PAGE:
706, 383 U.S. App.D.C. 290 (D.C. Cir. 2008); see
also Anderson v. Liberty Lobby, Inc., 477 U.S.
242, 255, 106 S.Ct. 2505, 91 L.Ed.2d 202 (1986). But where a
plaintiff has not provided evidence that an agency acted in
bad faith, " a court may award summary judgment solely
on the basis of information provided by the agency in
declarations." Moore, 601 F.Supp.2d at 12.
requires government agencies to release records upon request
in order to " ensure an informed citizenry, vital to the
functioning of a democratic society, needed to check against
corruption and to hold the governors accountable to the
governed." NLRB v. Robbins Tire & Rubber Co.,
437 U.S. 214, 242, 98 S.Ct. 2311, 57 L.Ed.2d 159 (1978). But
because " legitimate governmental and private interests
could be harmed by [the] release of certain types of
information," Congress provided nine specific exemptions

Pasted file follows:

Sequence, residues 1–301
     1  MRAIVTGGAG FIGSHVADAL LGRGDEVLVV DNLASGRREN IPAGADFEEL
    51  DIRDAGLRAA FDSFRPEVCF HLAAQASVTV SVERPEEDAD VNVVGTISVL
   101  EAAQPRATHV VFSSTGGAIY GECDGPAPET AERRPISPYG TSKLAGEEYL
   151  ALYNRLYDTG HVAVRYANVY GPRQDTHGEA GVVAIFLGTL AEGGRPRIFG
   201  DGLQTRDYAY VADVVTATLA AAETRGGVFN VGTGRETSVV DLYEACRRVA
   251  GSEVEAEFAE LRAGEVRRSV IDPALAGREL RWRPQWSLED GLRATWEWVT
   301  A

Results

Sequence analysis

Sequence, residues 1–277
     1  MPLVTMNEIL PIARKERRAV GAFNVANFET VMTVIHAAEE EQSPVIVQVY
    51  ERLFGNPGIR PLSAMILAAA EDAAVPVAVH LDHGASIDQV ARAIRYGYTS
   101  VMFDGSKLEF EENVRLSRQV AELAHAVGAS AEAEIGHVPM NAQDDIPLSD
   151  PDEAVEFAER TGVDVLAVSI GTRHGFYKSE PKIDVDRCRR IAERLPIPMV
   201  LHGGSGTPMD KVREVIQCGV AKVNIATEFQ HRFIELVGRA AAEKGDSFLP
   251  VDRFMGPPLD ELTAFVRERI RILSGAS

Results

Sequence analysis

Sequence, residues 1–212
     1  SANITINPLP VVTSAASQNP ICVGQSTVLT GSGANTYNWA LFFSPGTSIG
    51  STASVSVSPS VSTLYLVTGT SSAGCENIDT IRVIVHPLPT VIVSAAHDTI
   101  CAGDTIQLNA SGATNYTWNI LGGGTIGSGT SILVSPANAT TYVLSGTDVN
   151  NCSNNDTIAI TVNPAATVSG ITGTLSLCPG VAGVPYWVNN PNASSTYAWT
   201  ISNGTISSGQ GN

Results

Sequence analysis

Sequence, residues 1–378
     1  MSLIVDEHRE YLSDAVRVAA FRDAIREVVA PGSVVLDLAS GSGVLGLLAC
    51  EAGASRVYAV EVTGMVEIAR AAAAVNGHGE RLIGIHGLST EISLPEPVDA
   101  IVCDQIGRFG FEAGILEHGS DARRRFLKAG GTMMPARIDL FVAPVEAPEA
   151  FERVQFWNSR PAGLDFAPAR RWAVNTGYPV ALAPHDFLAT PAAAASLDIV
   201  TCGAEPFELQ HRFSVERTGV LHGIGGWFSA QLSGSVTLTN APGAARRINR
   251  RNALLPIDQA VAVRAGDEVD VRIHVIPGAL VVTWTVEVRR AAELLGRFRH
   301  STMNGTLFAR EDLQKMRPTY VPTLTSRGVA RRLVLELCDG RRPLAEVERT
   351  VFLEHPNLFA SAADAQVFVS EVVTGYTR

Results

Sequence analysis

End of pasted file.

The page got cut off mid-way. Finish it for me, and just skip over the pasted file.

to the disclosure requirements. FBI v. Abramson, 456
U.S. 615, 621, 102 S.Ct. 2054, 72 L.Ed.2d 376 (1982); see
also Ctr. for Nat'l Sec. Studies v. DOJ,
331 F.3d 918, 925, 356 U.S. App.D.C. 333 (D.C. Cir. 2003)
(" FOIA represents a balance struck by Congress between
the public's right to know and the government's
legitimate interest in keeping certain information
confidential." ). These nine FOIA exemptions are to be
construed narrowly. Abramson, 456 U.S. at 630.
prevail in a FOIA action, an agency must, first, demonstrate
that it has made " a good faith effort to conduct a
search for the requested records, using methods which can be
reasonably expected to produce the information
requested." Oglesby v. U.S. Dep't of Army,
920 F.2d 57, 68, 287 U.S. App.D.C. 126 (D.C. Cir. 1990). And,